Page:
Vestre standard, self-healing sink
If the surface is damaged, hot-dip products repair themselves by shrinking the zinc and forming a new coating in the damaged area. This is called cathodic protection.
International standard, powder-coated steel
When the powder-coated surface is damaged, the steel will rust and the rust will spread under the lacquer. Then bubbles that you often see on older cars will arise and eventually burst so that the rust becomes visible.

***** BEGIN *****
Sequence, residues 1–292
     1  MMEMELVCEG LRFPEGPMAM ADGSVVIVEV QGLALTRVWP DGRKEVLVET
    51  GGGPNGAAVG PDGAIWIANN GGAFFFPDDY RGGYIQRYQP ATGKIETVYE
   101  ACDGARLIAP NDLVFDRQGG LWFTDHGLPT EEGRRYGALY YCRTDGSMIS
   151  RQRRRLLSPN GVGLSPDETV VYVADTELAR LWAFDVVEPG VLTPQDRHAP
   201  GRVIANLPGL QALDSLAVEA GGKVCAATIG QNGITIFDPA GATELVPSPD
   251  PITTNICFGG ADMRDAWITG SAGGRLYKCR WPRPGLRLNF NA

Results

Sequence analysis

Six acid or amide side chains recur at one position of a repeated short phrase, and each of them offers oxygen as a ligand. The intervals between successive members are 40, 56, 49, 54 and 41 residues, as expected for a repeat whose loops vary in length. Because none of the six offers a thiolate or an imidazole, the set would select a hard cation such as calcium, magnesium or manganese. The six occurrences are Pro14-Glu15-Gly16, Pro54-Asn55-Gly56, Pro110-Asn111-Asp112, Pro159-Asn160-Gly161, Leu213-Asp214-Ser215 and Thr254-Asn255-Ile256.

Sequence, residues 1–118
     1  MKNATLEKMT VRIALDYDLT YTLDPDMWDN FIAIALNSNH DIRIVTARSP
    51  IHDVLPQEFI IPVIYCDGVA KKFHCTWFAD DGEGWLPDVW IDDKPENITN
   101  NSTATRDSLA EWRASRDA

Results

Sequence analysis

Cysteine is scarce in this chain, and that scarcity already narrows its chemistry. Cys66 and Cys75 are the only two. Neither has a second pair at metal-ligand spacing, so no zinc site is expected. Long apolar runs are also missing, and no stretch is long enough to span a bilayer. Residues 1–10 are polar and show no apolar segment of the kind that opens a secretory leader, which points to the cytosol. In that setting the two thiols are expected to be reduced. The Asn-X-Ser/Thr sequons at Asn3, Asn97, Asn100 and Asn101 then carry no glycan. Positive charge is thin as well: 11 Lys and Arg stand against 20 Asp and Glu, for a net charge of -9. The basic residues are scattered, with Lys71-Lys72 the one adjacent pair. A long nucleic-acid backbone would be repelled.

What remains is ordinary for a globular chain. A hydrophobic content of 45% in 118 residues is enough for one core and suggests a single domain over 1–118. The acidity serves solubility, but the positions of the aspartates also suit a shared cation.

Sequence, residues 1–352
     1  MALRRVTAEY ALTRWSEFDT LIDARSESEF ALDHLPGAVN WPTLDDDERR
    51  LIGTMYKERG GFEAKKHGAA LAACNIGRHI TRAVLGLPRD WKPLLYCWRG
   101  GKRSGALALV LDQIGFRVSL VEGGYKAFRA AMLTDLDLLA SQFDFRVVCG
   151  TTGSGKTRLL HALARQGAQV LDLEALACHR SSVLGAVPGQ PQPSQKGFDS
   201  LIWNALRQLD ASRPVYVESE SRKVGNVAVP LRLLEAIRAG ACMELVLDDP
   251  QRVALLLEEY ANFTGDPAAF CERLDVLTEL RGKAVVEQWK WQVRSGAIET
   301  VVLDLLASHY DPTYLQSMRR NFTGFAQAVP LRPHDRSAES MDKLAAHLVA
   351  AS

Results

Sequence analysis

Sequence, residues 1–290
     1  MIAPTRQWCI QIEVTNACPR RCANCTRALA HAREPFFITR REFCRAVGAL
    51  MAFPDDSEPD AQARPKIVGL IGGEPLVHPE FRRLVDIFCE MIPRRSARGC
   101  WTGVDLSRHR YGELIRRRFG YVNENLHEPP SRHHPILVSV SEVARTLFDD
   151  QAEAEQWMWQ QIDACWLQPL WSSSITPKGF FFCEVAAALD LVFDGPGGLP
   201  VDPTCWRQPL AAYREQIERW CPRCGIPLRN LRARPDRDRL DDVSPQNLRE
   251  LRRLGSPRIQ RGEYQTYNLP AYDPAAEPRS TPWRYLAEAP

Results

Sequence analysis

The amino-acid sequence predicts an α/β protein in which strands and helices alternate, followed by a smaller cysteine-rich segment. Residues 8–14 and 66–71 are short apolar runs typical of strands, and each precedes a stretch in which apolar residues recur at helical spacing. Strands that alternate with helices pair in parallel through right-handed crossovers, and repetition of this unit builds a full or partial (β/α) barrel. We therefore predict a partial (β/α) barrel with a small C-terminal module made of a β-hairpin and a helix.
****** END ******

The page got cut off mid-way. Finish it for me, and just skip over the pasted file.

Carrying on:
All steel components used by Vestre are hot-dip galvanised in a liquid zinc bath at 450 °C / 840 °F. The bath is exclusively heated using renewable energy, meaning zero emission of harmful greenhouse gases. This process provides a rust-free coating (80–120 μ) that enables Vestre's products to remain outdoors for several decades. Around 2–4 μ of the coating is lost in the first year as a consequence of use and climate impact and then the loss decreases to 1–2 μ per year. This guarantees a lifespan of at least 30–40 years outdoors. Steel that is powder-coated after hot-dip galvanising will have an even longer lifespan, as the powder coating protects the zinc. If the surface is damaged, hot-dip galvanised products repair themselves through the zinc contracting and forming a new coating in the damaged area. This is called cathodic protection. Hot-dip galvanising is a method that was patented by the French engineer Sorel in 1837, and which these days is carried out in accordance with the strict environmental requirements defined in ISO 1461. Zinc (Zn) is an important renewable construction material that occurs naturally in stone, water and human beings.